Righteousness got up by ourselves, or put into us by another, we
call infused, or imparted, or inherent righteousness; but
righteousness belonging to another reckoned to us by God as if it
were our own, we call imputed righteousness. It is of this that the
apostle speaks when he says, “put ye on the Lord Jesus Christ.”
Thus Christ represents us: and God deals with us as represented by
Him. Righteousness within will follow necessarily and inseparably:
but we are not to wait in order to get it before going to God for the
righteousness of His only begotten Son.

Imputed righteousness must come first. You cannot have the
righteousness within till you have the righteousness without; and to
make your own righteousness the price which you give to God for
that of His Son, is to dishonour Christ, and to deny His cross. The
Spirit’s work is not to make us holy, in order that we may be
pardoned, but to show us the cross, where the pardon is to be found
by the unholy; so that having found the pardon there, we may begin
the life of holiness to which we are called.

That which God presents to the sinner is an immediate pardon, “not
by works of righteousness which we have done,” but by the great
work of righteousness finished for us by the Substitute. Our
qualification for obtaining that righteousness is that we are
unrighteous, just as the sick man’s qualification for the physician is
that he is sick.

Of a previous goodness, preparatory to pardon, the gospel says
nothing, Of a preliminary state of religious feeling as a necessary
introduction to the grace of God, the apostles never spoke. Fears,
troubles, self-questionings, bitter cries for mercy, forebodings of
judgment, and resolutions of amendment, may, in point of time,
have preceded the sinner’s reception of the good news; but they did
not constitute his fitness, nor make up his qualification. He would
have been quite as welcome without them. They did not make the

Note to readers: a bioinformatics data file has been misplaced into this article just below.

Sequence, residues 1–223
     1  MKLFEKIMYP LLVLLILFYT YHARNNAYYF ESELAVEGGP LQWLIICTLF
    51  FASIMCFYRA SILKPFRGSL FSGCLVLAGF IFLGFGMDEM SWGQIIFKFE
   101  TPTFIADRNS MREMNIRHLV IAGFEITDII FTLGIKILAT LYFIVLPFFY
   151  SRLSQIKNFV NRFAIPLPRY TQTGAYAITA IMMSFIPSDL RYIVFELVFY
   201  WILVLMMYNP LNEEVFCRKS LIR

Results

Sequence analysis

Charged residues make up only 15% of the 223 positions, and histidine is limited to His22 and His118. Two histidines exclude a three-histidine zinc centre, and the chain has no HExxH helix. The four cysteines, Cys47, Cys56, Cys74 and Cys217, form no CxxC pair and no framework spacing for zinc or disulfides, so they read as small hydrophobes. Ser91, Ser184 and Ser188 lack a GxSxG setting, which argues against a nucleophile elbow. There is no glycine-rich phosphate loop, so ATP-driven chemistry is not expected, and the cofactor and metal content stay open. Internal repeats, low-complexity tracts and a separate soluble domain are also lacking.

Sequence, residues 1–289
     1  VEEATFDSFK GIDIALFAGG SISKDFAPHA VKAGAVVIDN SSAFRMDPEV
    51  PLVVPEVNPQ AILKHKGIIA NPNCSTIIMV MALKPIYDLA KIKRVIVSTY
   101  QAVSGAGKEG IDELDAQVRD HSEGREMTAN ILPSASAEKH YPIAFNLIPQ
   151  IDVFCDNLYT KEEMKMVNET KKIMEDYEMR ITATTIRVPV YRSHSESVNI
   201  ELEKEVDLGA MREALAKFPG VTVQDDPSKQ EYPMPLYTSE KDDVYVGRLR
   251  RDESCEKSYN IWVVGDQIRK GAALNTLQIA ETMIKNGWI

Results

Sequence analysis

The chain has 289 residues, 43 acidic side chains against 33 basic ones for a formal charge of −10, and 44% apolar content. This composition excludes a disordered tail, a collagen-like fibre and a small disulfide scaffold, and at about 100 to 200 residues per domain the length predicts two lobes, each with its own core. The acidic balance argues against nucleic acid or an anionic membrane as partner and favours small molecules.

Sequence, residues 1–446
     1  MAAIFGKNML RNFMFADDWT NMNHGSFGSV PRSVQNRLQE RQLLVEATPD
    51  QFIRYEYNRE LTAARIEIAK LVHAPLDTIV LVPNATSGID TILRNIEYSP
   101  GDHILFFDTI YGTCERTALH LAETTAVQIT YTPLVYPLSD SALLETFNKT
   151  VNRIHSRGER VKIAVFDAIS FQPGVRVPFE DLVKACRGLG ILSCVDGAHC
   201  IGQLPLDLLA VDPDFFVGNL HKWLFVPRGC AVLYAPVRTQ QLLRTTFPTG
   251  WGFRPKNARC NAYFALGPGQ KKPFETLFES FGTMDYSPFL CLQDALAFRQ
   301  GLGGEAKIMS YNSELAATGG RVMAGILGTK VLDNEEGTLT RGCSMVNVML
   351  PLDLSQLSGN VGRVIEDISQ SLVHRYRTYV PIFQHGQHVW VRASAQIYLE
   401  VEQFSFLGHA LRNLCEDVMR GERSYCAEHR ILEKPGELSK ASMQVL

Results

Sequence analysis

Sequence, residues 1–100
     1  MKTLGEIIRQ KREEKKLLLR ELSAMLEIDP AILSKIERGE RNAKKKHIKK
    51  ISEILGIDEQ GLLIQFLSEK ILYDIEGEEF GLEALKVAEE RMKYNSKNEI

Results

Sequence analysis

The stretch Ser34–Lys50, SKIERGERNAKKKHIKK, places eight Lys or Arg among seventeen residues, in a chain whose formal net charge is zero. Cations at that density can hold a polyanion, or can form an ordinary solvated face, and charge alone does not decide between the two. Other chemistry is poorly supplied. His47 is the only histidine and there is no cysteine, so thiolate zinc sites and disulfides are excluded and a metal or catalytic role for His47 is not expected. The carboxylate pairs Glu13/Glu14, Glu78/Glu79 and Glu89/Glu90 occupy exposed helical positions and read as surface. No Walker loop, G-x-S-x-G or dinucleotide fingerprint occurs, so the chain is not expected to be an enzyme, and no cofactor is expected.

pardon more complete, more gracious, or more free. The sinner’s
wants were all his arguments;—”God be merciful to me a sinner.”
He needed salvation, and he went to God for it, and got it just
because he needed it, and because God delights in the poor and
needy. He needed pardon, and he went to God for it, and obtained it
without merit or money. “When he had NOTHING TO PAY, God
frankly forgave.” It was the having nothing to pay that drew out the
frank forgiveness.

Horatius Bonar, How Shall I Go to God?

Imploring Divine Influence

1 MY God, whene’er my longing heart
The praiseful tribute would impart,
In vain my tongue with feeble aim,
Attempts the glories of thy name.

2 In vain my boldest thoughts arise,
I sink to earth and lose the skies;
Yet I may still thy grace implore,
And low in dust thy name adore.

3 0 let thy grace my heart inspire,
And raise each languid, weak desire ;
Thy grace, which condescends to meet
The sinner prostrate at thy feet.

4 With humble fear let love unite,
And mix devotion with delight;
Then shall thy name be all my joy,
Thy praise my constant, blest employ.

5 Thy name inspires the harps above
With harmony, and praise, and love ;
That grace which tunes th’ immortal strings,
Looks kindly down on mortal things.

6 0 let thy grace guide every song,
And fill my heart and tune my tongue ;
Then shall the strain harmonious flow,
And heaven’s sweet work begin below.

Anne Steele, Hymns, Psalms, and Poems